Home / Calling for a Public Inquiry on Canada's transfer of Afghan detainees to torture

Calling for a Public Inquiry on Canada’s transfer of Afghan detainees to torture

KAJAKI, Afghanistan – British Sgt. Rab McEwan, Kajaki Operational Mentoring Liaison Team, discusses the local situation with a local resident via a translator and Afghan National Army soldier during a patrol north of the Kajaki Dam here June 17, 2008. The ANA soldiers work closely with the British soldiers of the OMLT, which provides mentorship and liaison assistance with ISAF. The ISAF soldiers are responsible for the security of the dam as well as working with the Afghan National Army and Afghan National Police to assist in security for local villages. The dam provides electricity for the majority of Helmand province and Kandahar as well as irrigation control for the region. (ISAF photo by Staff Sgt. Jeffrey Duran, U.S. Army)

Yesterday, human rights lawyer and BCCLA Board Member Paul Champ stood with coalition members from across the country to present an open letter in the House of Commons calling for the government to launch a Commission of Inquiry into the transfer of hundreds of detainees to Afghan authorities during Canada’s military mission in that country.

There is overwhelming evidence that during this mission, in spite of very clear and credible risks of torture, detainees were transferred and tortured. This suggests strongly that Canada’s conduct in Afghanistan is in serious breach of its international obligations and fails to live up to basic Charter principles.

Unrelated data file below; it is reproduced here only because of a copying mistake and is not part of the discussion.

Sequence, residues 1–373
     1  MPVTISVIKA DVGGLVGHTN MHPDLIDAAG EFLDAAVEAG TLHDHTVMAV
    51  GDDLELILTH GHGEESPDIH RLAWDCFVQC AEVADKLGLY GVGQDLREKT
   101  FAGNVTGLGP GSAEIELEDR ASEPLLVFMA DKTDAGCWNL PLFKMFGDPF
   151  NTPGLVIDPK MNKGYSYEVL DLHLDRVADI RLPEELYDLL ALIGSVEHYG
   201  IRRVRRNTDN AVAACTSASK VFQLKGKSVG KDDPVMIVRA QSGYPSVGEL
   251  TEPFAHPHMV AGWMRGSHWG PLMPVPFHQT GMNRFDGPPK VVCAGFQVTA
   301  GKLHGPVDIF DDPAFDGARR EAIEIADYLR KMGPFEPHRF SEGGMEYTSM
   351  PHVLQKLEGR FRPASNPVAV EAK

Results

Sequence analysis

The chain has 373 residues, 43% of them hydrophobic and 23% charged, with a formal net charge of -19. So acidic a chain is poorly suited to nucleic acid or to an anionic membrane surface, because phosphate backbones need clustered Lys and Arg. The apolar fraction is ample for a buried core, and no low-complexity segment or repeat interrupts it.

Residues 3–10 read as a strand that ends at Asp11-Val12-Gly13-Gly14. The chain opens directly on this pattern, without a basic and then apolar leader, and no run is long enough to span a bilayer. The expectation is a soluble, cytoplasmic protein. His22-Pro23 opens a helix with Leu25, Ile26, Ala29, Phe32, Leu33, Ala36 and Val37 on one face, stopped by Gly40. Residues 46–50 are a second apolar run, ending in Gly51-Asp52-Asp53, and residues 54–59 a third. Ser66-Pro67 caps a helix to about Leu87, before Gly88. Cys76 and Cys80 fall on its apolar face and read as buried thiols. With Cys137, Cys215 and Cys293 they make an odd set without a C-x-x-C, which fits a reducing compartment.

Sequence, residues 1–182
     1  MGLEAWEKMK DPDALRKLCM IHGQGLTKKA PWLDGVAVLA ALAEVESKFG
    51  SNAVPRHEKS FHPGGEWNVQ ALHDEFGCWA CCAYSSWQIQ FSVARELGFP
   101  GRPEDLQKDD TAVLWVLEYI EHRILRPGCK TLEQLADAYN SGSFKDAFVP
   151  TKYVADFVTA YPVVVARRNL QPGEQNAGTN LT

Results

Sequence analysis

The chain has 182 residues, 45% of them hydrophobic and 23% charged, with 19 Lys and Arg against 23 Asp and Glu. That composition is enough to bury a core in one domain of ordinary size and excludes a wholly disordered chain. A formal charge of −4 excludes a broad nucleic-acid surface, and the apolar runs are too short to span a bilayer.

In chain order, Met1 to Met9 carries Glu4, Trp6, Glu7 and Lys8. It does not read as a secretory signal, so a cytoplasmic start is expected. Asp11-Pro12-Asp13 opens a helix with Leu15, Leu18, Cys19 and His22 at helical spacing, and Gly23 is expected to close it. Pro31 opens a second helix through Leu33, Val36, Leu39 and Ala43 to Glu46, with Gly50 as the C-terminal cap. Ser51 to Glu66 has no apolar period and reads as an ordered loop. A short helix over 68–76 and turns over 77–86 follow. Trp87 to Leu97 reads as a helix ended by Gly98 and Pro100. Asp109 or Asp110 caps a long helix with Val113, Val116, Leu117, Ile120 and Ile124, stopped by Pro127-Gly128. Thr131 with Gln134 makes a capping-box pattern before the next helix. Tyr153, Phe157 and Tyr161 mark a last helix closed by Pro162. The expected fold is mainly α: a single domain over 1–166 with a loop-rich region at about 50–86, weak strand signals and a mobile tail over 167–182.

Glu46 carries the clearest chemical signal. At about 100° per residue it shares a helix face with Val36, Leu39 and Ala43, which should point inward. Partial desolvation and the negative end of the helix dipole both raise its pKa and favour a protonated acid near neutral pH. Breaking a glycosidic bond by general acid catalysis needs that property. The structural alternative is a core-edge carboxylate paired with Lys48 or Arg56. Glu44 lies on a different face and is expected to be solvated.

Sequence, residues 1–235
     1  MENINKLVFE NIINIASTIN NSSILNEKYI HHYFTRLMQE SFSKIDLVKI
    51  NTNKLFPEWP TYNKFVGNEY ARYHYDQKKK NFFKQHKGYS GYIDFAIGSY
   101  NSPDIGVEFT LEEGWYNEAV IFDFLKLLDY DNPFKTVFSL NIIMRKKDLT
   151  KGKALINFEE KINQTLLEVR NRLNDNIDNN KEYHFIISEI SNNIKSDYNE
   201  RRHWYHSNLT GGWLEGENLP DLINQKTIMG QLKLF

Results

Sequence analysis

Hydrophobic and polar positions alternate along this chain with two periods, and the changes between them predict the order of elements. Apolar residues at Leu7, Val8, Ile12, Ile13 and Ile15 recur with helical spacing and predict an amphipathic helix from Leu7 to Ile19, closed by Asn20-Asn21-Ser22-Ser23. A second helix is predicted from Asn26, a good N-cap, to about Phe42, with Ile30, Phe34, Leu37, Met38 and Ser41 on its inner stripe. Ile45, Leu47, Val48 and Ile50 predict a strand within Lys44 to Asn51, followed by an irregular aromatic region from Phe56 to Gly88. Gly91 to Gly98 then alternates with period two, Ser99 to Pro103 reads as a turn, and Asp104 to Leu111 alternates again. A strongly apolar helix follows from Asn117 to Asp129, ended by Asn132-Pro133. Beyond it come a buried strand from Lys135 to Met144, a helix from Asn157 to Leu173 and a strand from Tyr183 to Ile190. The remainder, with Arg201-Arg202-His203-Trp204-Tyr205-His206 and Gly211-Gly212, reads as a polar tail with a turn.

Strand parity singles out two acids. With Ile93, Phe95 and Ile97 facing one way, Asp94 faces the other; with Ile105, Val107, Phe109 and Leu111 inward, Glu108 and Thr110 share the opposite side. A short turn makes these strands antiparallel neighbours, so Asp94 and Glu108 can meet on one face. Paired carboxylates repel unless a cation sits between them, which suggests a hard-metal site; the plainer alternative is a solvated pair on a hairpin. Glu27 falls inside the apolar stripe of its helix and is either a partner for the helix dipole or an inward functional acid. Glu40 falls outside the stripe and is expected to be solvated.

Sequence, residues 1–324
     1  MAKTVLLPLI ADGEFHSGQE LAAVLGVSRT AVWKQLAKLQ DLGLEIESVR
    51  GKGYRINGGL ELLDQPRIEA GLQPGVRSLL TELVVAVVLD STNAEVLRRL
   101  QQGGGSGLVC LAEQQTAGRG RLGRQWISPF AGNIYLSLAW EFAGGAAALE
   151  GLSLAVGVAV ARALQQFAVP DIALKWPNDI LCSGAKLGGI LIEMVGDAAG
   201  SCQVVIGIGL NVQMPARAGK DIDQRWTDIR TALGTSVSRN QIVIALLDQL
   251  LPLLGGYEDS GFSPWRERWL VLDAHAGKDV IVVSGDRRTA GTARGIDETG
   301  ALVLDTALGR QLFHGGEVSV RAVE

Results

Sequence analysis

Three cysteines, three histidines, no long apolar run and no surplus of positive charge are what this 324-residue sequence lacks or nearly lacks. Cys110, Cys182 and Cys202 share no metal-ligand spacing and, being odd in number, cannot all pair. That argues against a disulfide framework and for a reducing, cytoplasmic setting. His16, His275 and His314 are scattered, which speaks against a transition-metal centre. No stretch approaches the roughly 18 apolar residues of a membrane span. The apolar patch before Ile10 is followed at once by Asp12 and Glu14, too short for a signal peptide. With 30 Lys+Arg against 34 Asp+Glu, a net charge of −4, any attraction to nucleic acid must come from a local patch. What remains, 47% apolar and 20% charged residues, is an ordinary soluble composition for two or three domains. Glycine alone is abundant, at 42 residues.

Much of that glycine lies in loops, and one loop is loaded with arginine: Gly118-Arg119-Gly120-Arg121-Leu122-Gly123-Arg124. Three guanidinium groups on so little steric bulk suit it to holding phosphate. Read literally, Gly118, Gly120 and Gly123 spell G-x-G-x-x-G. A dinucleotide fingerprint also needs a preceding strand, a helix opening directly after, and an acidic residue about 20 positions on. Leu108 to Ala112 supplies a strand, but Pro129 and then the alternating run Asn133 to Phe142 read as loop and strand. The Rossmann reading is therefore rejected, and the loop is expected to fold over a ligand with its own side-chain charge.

However, no one knows exactly how many detainees who were in Canadian custody were tortured, disappeared or died under Afghan custody – partly due to the lack of a rigorous monitoring regime for the conditions of detainees, and partly due to the cloud of secrecy the previous government relentlessly maintained over this matter. Citing operational security concerns, the previous government refused to provide uncensored information to the public, Parliament, the Federal Court, and the Military Police Complaints Commission (MPCC).  

This is unfinished business of the most serious kind: accountability for alleged serious violations of Canadian and international laws prohibiting perpetration of, and complicity in, the crime of torture.

The BCCLA has maintained for years that access to documents is essential to resolve inconsistencies between government-issued statements, and those documents that have been made public thus far. We need an independent commission with full access to documents and witnesses to resolve these inconsistencies and get to the truth. There is simply no other way to learn whether Canadian officials knew whether prisoners captured by the Canadian forces were being transferred to torture.

Read the open letter here: